A few years ago I started a Madeleine L'Engle project. I read some of her Chronos/Kairos series (which starts with A Wrinkle in Time and focuses on the Murry family) and then I asked for the Austin series for Christmas. I read through this book - so this is a reread for me.
The Young Unicorns is set in New York City, and is told from the perspective of a young man, Josiah Davidson, who has become close to the Austin's since their move away from the small town where their house, Thornhill, is located.
L'Engles books are difficult to describe and difficult to pigeonhole. There are generally strong religious themes, as well as elements of sci fi. Because they were, typically, written for a YA audience, some of the elements haven't worn well and seem extremely dated. In this book, that's true of both the central element of science - something that L'Engle refers to as a "Micro-Ray," which is basically a laser, and, also, the presence of the least threatening "gang" in the history of literature, the Alphabats, who hang around a church.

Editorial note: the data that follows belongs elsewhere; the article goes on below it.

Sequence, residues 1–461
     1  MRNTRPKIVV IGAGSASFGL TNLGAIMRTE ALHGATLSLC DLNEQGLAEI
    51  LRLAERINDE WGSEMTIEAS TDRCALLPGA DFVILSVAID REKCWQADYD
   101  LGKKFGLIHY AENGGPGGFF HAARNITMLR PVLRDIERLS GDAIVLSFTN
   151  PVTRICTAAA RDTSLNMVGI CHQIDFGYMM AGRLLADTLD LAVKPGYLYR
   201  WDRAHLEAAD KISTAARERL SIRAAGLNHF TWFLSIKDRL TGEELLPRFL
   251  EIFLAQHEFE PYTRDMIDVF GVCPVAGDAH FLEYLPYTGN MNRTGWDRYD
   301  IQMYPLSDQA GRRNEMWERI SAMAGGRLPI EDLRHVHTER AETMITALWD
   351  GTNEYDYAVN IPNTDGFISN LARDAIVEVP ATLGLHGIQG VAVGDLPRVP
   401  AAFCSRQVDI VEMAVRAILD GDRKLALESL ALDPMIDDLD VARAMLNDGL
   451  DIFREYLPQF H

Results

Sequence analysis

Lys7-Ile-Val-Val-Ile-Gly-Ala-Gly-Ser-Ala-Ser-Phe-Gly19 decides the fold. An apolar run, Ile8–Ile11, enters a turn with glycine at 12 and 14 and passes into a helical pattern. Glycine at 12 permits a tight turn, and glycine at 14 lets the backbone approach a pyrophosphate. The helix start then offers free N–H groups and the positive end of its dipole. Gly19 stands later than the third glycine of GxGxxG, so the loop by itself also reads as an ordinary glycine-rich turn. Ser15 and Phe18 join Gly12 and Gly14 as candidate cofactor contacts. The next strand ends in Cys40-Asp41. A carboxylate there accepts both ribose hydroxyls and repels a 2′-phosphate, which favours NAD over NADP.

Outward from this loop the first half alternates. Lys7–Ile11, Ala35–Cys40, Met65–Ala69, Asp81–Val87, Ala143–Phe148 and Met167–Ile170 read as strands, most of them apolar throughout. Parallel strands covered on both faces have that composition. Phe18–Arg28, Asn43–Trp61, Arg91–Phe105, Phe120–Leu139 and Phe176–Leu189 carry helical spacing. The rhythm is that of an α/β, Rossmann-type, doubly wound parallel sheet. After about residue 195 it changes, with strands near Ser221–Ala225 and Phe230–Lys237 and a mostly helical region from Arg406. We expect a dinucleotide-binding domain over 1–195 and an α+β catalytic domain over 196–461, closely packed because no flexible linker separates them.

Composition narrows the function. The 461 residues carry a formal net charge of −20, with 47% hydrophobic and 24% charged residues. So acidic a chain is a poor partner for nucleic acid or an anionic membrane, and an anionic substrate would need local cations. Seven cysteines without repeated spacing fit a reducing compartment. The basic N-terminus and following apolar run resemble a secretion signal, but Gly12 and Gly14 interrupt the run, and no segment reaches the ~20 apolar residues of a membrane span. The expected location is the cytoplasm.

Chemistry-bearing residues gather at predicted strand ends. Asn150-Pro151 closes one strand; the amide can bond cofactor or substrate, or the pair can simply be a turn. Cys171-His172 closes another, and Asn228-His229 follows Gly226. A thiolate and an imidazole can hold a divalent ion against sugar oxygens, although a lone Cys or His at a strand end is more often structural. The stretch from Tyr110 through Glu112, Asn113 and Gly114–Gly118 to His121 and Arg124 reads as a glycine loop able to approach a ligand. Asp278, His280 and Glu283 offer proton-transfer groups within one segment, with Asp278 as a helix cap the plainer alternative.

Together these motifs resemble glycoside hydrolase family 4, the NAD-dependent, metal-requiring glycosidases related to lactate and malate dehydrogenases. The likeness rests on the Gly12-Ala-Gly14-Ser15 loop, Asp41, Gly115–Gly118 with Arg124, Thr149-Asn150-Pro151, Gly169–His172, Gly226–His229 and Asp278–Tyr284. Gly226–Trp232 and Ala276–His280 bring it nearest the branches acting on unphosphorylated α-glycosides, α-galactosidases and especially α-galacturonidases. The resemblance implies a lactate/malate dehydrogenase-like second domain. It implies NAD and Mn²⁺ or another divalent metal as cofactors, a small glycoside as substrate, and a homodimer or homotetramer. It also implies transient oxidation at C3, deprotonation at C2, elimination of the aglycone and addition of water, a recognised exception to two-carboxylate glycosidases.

However, even though those elements of the story are dated, and even laughable at times, I enjoyed The Young Unicorns. I think that L'Engle writes families better than anyone - she perfectly captures the warmth and humanity of a family, but doesn't leave out the conflict. If I had to choose a fictional family to adopt, it would either be a L'Engle family - the Austins and the Murrys are both delightful, or the Weasleys, from Harry Potter.
Reading The Young Unicorns reminded me why I love her books, flawed though they are - and inspired me to restart, and this time complete, my L'Engle project.